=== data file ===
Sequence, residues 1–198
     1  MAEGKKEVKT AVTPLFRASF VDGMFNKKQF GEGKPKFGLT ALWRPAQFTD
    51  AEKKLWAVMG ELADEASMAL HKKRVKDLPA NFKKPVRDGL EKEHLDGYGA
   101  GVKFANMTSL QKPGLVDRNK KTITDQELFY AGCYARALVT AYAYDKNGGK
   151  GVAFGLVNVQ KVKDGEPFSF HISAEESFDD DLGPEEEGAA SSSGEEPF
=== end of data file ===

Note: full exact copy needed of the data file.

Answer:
Sequence, residues 1–198
     1  MAEGKKEVKT AVTPLFRASF VDGMFNKKQF GEGKPKFGLT ALWRPAQFTD
    51  AEKKLWAVMG ELADEASMAL HKKRVKDLPA NFKKPVRDGL EKEHLDGYGA
   101  GVKFANMTSL QKPGLVDRNK KTITDQELFY AGCYARALVT AYAYDKNGGK
   151  GVAFGLVNVQ KVKDGEPFSF HISAEESFDD DLGPEEEGAA SSSGEEPF